Simplicity is a hallmark of Canarian food. One of the key ingredients that can be found in many of its dishes is gofio: toasted wheat or maize grain, a fundamental part of breakfast in these lands and an accompaniment par excellence to the different island stews.
The same simplicity and exquisite flavour can be found in the mojos (or sauces), which accompany most meals. Mojo picón - with pepper, vinegar, olive oil, garlic, cumin, salt and paprika - and mojo verde - made from parsley and coriander, with a milder flavour - have reached the status of true institutions in the Canary Islands.
The Canary Islands, in the middle of the route to America, saw its cuisine enriched with products from there, such as tomatoes, bananas, potatoes and potatoes. The fish is also of high quality. The most outstanding are wreckfish, wreckfish, wahoo, sama, sea bass, sea bream, bream, bogue, mackerel and, above all, vieja (old mackerel). The fish is usually prepared in salt, on the back, or "jareados" (sun-dried and seasoned).
Seafood also enjoys a well-deserved reputation in the Canary Islands. The most typical are the grilled limpet, the burgado and the clam. In addition, the Canary Islands' climate is particularly favourable for the cultivation of tropical fruits such as bananas (the islands' most representative product), papaya, mango, avocado and pineapple.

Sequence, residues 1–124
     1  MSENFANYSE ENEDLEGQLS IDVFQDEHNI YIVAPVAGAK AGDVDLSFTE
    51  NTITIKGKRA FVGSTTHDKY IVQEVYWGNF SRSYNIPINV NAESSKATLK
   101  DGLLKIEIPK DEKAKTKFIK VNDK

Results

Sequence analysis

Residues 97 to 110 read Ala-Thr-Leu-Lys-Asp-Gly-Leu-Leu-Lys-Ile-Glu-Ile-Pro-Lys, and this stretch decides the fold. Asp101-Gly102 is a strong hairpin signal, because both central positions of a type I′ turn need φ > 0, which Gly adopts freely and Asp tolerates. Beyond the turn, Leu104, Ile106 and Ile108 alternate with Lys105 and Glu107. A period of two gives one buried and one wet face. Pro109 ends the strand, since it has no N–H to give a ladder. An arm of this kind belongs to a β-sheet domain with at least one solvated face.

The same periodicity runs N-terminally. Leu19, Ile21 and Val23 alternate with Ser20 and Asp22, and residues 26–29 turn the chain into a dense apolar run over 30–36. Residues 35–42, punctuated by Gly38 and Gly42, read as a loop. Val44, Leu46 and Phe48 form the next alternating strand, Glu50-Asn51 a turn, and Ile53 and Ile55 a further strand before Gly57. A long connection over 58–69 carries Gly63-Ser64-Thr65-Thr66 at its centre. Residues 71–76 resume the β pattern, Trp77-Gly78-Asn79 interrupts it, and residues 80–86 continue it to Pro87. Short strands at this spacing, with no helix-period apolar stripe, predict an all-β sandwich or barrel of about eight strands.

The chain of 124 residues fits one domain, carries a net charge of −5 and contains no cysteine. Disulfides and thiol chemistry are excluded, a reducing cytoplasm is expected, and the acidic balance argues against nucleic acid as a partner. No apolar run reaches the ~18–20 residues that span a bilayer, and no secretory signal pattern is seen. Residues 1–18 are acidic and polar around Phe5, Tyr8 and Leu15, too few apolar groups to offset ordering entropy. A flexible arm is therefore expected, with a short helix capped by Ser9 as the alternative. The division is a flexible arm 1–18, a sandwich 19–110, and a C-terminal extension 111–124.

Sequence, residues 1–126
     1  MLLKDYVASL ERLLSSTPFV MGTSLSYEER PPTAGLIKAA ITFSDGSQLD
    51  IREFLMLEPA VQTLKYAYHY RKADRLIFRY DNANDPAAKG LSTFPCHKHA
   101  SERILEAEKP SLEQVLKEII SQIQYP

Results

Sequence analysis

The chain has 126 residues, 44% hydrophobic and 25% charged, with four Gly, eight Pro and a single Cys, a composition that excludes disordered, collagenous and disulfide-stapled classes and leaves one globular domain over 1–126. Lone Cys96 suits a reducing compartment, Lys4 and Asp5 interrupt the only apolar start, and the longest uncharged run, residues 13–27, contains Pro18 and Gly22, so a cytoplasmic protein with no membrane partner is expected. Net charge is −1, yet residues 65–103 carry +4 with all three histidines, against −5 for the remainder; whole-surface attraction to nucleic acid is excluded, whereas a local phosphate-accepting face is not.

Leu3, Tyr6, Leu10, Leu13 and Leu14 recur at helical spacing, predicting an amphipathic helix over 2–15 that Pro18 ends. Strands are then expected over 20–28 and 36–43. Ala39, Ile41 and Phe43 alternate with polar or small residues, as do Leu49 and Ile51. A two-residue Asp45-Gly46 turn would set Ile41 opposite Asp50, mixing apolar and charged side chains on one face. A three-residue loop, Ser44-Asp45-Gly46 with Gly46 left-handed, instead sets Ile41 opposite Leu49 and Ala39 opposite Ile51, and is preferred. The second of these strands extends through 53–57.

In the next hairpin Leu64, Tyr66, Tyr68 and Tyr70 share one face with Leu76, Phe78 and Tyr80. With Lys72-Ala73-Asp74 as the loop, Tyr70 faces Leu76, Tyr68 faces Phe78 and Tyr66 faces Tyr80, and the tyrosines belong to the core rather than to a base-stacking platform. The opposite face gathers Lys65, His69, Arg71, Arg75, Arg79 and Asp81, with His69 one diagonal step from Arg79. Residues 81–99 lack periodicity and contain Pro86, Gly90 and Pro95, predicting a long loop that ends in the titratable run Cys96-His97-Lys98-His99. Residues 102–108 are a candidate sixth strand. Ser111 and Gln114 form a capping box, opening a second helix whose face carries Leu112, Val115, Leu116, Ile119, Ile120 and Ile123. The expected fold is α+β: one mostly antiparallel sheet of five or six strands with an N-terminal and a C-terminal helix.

Local confectionery includes the typical bienmesabes, made with honey and ground almonds; ñames (a local root); pasties stuffed with sweet potato, almonds and sultanas; Quesadillas from the island of Hierro; torta vilana from La Gomera; marzipan and almonds from Gran Canaria; and raspaduras from La Palma.
These islands are home to ten exquisite wine designations of origin: Abona, El Hierro, Lanzarote, La Palma, Tacoronte-Acentejo, Valle de Güimar, Valle de la Orotava, Icoden-Daute-Isora, Monte Lentiscal and Gran Canaria; and some of their own beverages, such as banana liqueur and rum-honey.